Prominent Human Rights Defender Narges Mohammadi Goes on Trial Behind Closed Doors
The trial of human rights activist Narges Mohammadi, postponed four times since its original date of May 3, 2015, finally began on April 20, 2016 at Branch 15 of Tehran’s Revolutionary Court.
Mohammadi, who was detained for her peaceful activism, has been charged with “collusion and assembly against national security” and “membership in the [now shuttered] Step by Step to Stop the Death Penalty.”
The trial, presided by Judge Abolqasem Salavati, was held in the presence of Mohammadi’s lawyer, but was closed to the public. No information has emerged from the proceedings so far, her husband, Taghi Rahmani, told the International Campaign for Human Rights in Iran.
“Unfortunately, the officials have denied Narges the right to be in contact with her children,” he said. “Every prisoner has the right to call his or her relatives on the phone, but Narges was allowed to call her kids just once in the past 10 months.”
“Speaking to her children can certainly have a positive impact on her morale and physical health, but they have denied her this right,” Rahmani told the Campaign.“Narges is suffering from two things, pulmonary embolism and nervous paralysis, and the doctors say prison conditions are like poison for her,” he added. “Narges has served a part of her sentence and she can qualify for parole on medical grounds, but so far she has been denied this right and none of the authorities are looking into the family’s demands.”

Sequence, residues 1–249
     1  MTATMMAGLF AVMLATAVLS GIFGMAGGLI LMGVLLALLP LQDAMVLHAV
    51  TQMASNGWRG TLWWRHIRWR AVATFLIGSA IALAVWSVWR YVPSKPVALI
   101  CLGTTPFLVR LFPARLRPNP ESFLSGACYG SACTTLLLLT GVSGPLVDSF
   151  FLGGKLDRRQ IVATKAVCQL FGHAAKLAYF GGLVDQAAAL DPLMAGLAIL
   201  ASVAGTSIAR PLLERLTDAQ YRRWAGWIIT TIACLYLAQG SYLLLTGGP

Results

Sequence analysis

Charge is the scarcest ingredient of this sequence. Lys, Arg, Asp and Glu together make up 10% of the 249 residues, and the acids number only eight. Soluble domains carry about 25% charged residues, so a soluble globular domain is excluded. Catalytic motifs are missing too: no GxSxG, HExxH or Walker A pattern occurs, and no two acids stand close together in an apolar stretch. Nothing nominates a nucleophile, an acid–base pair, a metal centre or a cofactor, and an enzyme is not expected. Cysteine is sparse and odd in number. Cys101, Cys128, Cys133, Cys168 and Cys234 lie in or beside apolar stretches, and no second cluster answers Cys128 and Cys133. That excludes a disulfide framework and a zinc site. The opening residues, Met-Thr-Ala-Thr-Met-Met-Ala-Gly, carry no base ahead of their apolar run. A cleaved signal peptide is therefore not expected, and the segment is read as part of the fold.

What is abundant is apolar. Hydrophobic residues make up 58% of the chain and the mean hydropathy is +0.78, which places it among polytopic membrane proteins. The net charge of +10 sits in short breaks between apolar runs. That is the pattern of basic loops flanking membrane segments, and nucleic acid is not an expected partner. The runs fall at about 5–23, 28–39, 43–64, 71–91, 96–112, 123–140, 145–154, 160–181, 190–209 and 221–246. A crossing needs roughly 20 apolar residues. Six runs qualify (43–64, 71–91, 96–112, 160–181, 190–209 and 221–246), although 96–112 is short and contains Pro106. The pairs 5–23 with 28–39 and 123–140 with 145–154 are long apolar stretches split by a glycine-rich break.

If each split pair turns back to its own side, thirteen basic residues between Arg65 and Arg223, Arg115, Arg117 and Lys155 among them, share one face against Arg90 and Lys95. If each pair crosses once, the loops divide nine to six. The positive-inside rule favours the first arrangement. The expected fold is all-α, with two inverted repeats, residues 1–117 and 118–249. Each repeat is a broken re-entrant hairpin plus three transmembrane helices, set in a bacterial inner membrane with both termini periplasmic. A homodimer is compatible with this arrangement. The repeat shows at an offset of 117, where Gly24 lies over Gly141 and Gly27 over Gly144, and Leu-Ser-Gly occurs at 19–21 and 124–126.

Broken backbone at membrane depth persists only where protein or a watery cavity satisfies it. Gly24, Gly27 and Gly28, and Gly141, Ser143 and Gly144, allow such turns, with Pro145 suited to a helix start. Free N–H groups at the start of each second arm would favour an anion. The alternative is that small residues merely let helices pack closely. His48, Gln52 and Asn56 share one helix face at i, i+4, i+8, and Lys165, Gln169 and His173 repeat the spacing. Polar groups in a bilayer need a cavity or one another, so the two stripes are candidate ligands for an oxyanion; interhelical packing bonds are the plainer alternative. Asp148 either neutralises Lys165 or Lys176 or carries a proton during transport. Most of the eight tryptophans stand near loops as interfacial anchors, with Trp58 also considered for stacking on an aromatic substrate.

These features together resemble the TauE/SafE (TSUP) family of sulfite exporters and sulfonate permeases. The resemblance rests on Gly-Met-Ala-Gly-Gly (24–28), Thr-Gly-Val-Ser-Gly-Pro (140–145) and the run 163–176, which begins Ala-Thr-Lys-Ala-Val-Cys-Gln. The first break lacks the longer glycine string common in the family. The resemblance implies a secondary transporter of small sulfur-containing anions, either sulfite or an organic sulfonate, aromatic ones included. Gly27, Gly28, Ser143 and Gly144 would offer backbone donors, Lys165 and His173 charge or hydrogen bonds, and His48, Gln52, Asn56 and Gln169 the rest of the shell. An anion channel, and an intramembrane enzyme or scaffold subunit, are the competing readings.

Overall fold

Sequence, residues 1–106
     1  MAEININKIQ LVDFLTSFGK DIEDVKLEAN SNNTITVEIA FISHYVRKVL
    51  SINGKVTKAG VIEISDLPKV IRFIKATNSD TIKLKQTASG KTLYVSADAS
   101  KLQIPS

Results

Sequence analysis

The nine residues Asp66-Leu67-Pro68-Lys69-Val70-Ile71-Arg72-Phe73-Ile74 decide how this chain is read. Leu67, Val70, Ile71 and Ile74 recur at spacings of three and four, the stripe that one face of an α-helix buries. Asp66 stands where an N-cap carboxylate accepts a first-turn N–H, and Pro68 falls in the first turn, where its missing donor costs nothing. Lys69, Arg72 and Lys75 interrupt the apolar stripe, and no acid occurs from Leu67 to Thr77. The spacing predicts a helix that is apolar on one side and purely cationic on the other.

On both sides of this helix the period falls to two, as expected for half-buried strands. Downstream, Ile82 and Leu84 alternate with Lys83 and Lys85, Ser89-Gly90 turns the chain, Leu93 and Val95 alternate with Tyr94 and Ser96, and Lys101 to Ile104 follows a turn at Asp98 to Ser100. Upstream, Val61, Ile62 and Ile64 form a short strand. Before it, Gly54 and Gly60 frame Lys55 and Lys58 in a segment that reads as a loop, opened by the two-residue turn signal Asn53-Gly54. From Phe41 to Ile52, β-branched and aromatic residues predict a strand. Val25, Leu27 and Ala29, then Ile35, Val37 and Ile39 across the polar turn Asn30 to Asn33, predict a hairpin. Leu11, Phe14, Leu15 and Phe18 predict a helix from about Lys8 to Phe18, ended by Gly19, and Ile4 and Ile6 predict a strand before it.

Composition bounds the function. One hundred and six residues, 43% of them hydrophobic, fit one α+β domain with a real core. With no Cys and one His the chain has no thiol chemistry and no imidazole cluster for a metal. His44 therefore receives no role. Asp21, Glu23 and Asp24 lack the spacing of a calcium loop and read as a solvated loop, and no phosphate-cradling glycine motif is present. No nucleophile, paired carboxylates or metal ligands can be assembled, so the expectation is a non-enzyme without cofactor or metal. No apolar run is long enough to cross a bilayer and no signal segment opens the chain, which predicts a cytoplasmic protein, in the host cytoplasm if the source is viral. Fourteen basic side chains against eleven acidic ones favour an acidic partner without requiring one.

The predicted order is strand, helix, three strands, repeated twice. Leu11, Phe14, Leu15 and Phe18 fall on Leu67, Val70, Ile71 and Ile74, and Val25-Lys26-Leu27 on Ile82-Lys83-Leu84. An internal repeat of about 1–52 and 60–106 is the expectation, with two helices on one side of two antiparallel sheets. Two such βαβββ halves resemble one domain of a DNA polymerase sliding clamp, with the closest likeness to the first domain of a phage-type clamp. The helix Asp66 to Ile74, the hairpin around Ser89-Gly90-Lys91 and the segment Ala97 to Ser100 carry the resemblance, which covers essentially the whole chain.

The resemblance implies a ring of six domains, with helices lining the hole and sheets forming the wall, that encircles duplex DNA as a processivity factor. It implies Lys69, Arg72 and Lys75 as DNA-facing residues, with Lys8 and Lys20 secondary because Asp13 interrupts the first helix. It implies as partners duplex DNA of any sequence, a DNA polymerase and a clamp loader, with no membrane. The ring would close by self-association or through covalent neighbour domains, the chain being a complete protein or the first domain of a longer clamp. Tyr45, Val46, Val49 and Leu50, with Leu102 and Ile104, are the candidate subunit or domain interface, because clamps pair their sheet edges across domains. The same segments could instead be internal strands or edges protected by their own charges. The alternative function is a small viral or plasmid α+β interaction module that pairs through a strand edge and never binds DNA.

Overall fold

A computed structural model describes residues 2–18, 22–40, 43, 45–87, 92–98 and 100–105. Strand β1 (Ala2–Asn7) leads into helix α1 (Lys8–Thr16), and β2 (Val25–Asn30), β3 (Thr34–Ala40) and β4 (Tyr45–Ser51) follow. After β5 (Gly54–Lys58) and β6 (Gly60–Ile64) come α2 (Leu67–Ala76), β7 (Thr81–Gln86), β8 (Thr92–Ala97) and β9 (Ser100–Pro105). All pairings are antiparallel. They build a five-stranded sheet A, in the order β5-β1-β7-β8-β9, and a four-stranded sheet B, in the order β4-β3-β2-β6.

Winner of the 2011 Per Anger Prize for her activism in human rights, especially women’s rights, Mohammadi has been held virtually incommunicado for more than 10 months. During her entire detention she has only been allowed to speak to her children once on the phone, on April 2, 2016.
Throughout her imprisonment, Mohammadi has been suffering from serious health problems. Political prisoners in Iran are singled out for particularly harsh treatment, which often includes denial of medical care, in direct violation of Iran’s own laws and prison regulations.
After Mohammadi discussed Iran’s human rights issues with the European Union’s foreign policy chief Catherine Ashton at the Austrian Embassy in Tehran in March 2014, the security establishment significantly increased pressure on Mohammadi, subjecting her to months of harassment and multiple interrogations. She was arrested on May 5, 2015.
She was first arrested in 2009 and sentenced to 11 years in prison in October 2011 on charges of “assembly and collusion against national security,” “membership in the Defenders of Human Rights Center,” and “propaganda against the state.”
The Appeals Court reduced her sentence to six years in prison, and in 2013 she was released from Zanjan Prison on 600 million toman (approximately $200,000) bail for medical reasons. Her arrest in May 2015, ostensibly on these older charges, was more accurately related to Mohammadi’s visit with Ashton and her continued peaceful activism.